The Difference Between a Terrorist and a Freedom Fighter


Most of my readings and studies were through a Western perspective, due to the fact that I have spent around 10 years living and studying in America. Whenever literature confronts a topic on an internal, it either paints those struggling against the rule as ‘Terrorists’ or ‘Freedom Fighters’.

Obviously, each term can be described in many different ways. A terrorist can also be a criminal, a member in an armed gang, or anything else that portrays him in the ‘black list’ of norm. A freedom fighter also has many different names, especially today where many individuals and organizations have managed to find a gap in ‘human rights’ to stand against the rule of the state, with a good mask worn.

It was only many years later in my studies that I started grasping one of the main pillars of the political science discipline. In comparative politics, a subfield of political science, students are taught to wear different lenses when analyzing a certain political phenomenon to be able to indulge in a much more richer understanding of the situation. For example, when we stand looking at others through our own culture, we will never understand why people behave and act in other cultures.

Yes the world is globalized, but cultures take much more time to adjust to this fast changing world. People in America still don’t understand why men in the Middle East kiss each other and why Indian men hold hands, they think it’s gay! That’s just the beginning. Governments are a reflection of culture where it is deeply rooted in decision-making, institution building, and the rule of law.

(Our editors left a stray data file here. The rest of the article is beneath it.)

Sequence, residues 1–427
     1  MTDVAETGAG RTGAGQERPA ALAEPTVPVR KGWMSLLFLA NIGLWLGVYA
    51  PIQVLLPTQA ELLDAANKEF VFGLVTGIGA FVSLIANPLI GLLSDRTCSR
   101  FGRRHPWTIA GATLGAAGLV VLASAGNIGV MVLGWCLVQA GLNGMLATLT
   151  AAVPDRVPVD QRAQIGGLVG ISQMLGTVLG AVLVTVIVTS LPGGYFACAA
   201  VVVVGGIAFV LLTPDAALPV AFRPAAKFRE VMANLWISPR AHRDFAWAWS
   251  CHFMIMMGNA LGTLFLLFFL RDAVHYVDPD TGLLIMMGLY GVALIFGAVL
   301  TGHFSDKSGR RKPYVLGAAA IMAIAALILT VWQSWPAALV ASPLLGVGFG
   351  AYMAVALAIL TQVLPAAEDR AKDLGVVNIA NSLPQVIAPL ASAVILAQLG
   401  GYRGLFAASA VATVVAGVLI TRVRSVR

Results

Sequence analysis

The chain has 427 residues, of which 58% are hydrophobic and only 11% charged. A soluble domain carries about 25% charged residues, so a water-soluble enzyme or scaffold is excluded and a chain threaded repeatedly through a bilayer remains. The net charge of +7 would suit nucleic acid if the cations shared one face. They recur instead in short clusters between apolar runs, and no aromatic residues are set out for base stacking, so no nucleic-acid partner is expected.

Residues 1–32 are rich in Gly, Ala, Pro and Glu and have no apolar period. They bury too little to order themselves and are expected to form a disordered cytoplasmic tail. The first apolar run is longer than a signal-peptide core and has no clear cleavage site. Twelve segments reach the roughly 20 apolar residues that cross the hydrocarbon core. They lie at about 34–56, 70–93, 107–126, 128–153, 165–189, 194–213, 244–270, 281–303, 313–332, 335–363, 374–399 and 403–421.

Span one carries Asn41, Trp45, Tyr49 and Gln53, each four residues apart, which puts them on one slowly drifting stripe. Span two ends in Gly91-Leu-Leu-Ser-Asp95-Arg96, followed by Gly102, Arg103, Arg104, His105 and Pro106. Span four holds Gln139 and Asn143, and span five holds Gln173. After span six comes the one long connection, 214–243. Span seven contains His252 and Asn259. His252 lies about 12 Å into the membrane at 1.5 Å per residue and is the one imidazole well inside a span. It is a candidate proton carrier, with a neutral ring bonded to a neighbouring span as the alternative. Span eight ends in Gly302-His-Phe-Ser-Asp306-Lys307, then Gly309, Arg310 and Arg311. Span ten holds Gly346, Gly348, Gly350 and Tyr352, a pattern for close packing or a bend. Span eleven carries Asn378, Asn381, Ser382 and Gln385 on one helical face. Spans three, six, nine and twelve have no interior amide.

America has the right to describe whatever group it wants as terrorists or freedom fighters, no one can judge them for their culture, our job is to simply understand. Lately, America removed Mujahedin-e-Khalq from its terror organizations list, now they’re freedom fighters. In 2003, America removed three Chechen groups from its Freedom Fighter list to its terror organizations list in order to get Russia’s approval for the Iraq war.

All in all, what we should do is not to use any country’s good guys vs bad guys list to know who’s the terrorist and who’s the freedom fighter. We shouldn’t even use NGOs’ list as well, they’re all tainted with their own political or financial (for funding) reasons. Here’s what we should be doing to know the difference between the two.

Number one, collateral damage. When you confront a group whom is trying to reach its goals no matter who comes in between, even if they were innocent civilians, you can automatically designate them as bad guys. Whatever their religion is, one can never play God.

Number two, respect to the rule of law. Yes, no matter how bad the rule of law is, it is never acceptable for a group of individuals to choose to make a society much worse in order to somehow turn things around in the future. From where a person stands, forward is always the best way to go because a ‘one step backwards two steps forwards’ initiative is a risky move and never guaranteed.

Number three, an evolution. History, data, and research shows that evolutions always supersedes revolutions. A group of individuals shouldn’t have the upper hand to choose for everyone else in society a miserable road for a better life. Especially in today’s world, falling behind is the last thing any country needs.

It is very simple my friends, because logic is not a complicated term. What is difficult, however, is to keep emotions out of rationale. Think positive, think forward, think peace, think unity, and smile to life so life can smile back.

Categories: Bahrain, Politics

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